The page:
In 2010, as part of the proposed Galloper Wind Farm off the coast of Suffolk, The Ecology Consultancy (TEC) was appointed to act as project ecologists for the onshore elements of the development, notably the construction of a new substation near Sizewell.
The wind farm is a Nationally Significant Infrastructure Project (NSIP) involving the installation of 56 wind turbines, with the capacity to generate up to 353 megawatts (MW) of energy.
Prior to works commencing on site for the substation and cable route, The Ecology Consultancy was commissioned to carry out an extended Phase 1 survey to help inform the final site layout and provide baseline ecological information to support the planning application and to identify ecological constraints associated with the proposed development.
Further to the Phase 1 survey, our Norfolk ecologists carried out badger and reptile surveys of the proposed cable route and two areas to be considered for the construction of the substation. Following this, the final site boundary and works area was determined and further protected species surveys were undertaken in 2011. These included a reptile survey, ground level tree assessment and activity surveys for bats, and an NVC plant survey of a section of the site.
In 2012, to reduce impacts on reptiles, we developed a detailed reptile mitigation plan, which included an extensive translocation of all four widespread species of reptile from the works area to an on-site receptor area for which we oversaw the habitat enhancement and management.
We also carried out surveys and obtained a European Protected Species Mitigation (EPSM) licence for bats. The licence was specifically tailored to the complex requirements associated with the scale of the project and its status as an NSIP and we were able to provide ongoing support to the client and obtain amendments to the licence in a timely fashion to accommodate the developing plans for the site.
Our mitigation proposals were reviewed by the LPA and NE as well as the Local Wildlife Trust as part of the Planning Inspectorate review of the project. We also provided evidence at the issue-specific hearing where mitigation measures were discussed.
We drew up an Ecological Management Plan (EMP) for the site, taking into account the concerns and views of the Local Wildlife Trust whilst ensuring that the development could proceed as required.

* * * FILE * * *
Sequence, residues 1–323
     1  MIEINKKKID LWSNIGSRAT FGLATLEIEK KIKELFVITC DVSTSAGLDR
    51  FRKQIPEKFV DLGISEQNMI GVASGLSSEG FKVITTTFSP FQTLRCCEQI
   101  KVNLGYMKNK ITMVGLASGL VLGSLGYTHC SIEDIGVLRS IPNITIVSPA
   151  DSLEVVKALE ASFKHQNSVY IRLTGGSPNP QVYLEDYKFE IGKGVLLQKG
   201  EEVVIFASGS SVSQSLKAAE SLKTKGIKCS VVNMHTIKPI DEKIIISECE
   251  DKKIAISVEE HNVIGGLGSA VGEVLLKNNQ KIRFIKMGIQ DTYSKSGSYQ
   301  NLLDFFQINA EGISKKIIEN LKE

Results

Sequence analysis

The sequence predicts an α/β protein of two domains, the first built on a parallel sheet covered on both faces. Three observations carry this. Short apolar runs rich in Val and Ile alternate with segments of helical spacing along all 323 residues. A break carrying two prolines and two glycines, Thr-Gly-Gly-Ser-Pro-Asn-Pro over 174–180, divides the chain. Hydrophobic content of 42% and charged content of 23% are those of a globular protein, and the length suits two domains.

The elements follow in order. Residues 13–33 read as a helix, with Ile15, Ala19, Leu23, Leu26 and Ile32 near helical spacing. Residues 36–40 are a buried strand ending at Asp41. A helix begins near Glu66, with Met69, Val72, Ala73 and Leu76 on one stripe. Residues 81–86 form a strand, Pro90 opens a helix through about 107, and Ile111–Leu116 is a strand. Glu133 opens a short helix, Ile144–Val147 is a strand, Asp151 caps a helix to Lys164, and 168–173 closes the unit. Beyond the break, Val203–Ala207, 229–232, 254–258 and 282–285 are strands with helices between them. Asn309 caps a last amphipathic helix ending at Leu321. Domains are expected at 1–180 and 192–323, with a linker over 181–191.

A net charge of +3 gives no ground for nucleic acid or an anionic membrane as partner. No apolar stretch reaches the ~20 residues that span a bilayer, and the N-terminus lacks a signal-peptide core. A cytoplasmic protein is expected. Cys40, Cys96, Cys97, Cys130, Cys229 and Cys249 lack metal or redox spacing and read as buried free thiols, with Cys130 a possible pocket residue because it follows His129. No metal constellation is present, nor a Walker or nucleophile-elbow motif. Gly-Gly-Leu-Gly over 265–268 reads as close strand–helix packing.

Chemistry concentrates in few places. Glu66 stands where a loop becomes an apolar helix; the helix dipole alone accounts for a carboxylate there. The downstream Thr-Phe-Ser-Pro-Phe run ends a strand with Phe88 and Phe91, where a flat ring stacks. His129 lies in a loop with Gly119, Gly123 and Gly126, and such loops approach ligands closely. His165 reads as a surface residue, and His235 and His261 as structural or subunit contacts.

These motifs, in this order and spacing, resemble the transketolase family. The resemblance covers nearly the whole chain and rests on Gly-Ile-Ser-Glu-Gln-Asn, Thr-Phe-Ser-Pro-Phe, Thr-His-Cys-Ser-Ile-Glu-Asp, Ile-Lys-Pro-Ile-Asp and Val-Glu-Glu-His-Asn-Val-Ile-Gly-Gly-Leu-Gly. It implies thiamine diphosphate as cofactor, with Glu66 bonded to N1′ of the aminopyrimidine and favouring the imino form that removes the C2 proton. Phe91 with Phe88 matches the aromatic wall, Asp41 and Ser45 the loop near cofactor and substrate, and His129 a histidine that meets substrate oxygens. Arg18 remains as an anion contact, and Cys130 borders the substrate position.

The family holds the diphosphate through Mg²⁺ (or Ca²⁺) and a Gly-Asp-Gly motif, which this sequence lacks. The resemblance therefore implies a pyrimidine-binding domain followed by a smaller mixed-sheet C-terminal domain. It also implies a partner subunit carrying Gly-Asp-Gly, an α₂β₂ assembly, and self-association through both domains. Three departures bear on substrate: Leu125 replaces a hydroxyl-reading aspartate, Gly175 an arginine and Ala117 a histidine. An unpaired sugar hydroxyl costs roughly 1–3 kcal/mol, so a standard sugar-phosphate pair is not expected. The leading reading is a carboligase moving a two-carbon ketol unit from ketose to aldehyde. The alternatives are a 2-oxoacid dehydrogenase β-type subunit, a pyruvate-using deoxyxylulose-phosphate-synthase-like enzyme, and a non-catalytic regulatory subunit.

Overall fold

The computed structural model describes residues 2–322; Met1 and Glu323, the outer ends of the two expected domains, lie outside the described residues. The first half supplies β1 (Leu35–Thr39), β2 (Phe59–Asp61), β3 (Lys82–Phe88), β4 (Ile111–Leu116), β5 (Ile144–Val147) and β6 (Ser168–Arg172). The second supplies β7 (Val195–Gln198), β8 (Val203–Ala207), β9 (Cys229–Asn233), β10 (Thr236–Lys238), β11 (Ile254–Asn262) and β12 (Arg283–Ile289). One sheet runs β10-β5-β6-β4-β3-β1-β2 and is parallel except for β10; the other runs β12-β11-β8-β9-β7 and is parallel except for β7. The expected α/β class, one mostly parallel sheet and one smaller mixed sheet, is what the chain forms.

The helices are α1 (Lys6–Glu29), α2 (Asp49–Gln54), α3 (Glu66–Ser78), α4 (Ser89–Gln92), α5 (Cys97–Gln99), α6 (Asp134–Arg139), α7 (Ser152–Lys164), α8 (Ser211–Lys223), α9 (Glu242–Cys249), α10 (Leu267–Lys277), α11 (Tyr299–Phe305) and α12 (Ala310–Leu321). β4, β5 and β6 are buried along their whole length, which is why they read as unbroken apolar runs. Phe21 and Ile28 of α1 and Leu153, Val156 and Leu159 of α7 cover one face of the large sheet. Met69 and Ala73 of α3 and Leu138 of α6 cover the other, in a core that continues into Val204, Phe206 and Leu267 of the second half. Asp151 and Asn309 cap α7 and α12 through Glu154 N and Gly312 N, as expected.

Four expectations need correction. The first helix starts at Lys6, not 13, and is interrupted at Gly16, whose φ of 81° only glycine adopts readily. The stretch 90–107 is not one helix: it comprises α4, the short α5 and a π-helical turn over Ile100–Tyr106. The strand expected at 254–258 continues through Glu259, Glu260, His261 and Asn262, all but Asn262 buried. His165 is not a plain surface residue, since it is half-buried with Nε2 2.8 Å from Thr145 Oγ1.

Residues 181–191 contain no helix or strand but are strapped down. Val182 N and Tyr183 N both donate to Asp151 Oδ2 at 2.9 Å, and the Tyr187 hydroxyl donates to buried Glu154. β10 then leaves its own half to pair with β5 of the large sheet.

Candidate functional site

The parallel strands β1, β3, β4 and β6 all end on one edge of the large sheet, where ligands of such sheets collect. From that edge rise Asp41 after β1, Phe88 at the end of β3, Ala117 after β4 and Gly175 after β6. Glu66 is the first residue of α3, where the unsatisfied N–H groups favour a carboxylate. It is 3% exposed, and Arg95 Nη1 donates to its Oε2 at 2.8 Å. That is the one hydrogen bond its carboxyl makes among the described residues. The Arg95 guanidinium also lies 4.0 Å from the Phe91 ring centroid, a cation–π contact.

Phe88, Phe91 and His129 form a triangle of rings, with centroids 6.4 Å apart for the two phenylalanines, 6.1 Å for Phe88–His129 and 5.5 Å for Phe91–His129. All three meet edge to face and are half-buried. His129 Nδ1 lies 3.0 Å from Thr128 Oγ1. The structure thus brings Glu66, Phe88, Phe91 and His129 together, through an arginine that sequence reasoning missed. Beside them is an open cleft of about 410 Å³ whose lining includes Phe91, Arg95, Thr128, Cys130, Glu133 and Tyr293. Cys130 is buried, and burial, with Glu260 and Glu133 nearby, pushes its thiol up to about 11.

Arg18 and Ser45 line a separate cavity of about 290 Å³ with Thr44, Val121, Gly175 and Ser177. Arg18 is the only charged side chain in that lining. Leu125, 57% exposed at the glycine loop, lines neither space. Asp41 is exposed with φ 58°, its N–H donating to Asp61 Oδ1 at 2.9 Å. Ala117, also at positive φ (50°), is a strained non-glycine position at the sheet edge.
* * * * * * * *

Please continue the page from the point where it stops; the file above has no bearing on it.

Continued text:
When the enabling works for the substation began, we were appointed to provide Ecological Clerks of Works (ECoW). To oversee the works and ensure that appropriate consideration was given to potential impacts on the ecology of the site in relation to bats, reptiles and nesting birds, we undertook:
- regular visits to check for the presence of protected species (in particular: reptiles, bats, skylark);
- checks and maintenance of the reptile fence, supervision of site clearance including clearance of vegetation, tree felling and soil stripping.
To enable delivery to programme, a pragmatic approach was taken to site clearance for skylarks with destructive searches carried out during bird-nesting season.
Our ecologists tackled unusual ecological constraints throughout the project. Liaising closely and efficiently with the Principal Contractors, UXO (unexploded ordnance) investigators, archaeologists and the ECoW team, we ensured that all works were carried out in an appropriate and timely manner, allowing the construction of the substation itself to begin on schedule, whilst always showing flexibility in the face of changing client plans.
Through close consultation with other stakeholders such as Natural England and Suffolk Wildlife Trust, our experts were able to devise detailed mitigation measures to reduce the project’s impacts on biodiversity.
Furthermore, through reptile and bat monitoring we have demonstrated the positive results of our mitigation, with bats using the boxes provided and reptiles present in the receptor area.
Cassie Greenhill, Consents Manager, Innogy, December 2019: “TEC have been working on our wind farm project since 2010. Although I joined the project more recently, I am impressed with the range of ecological services they have provided over the years, including a delicate translocation project for reptiles, and working closely with Natural England to develop a satisfactory bat licence.
Galloper has experienced some unusual ecological constraints that TEC have expertly and proficiently tackled. For example, they represented us at a Planning Hearing, worked with unexploded bomb investigators, and liaised with the Local Wildlife Trust to obtain their support for our Mitigation Plan.
Their continued involvement means we continue to be confident of our compliance with wildlife legislation. We are confident that TEC will work flexibly to help us maximise biodiversity benefits.”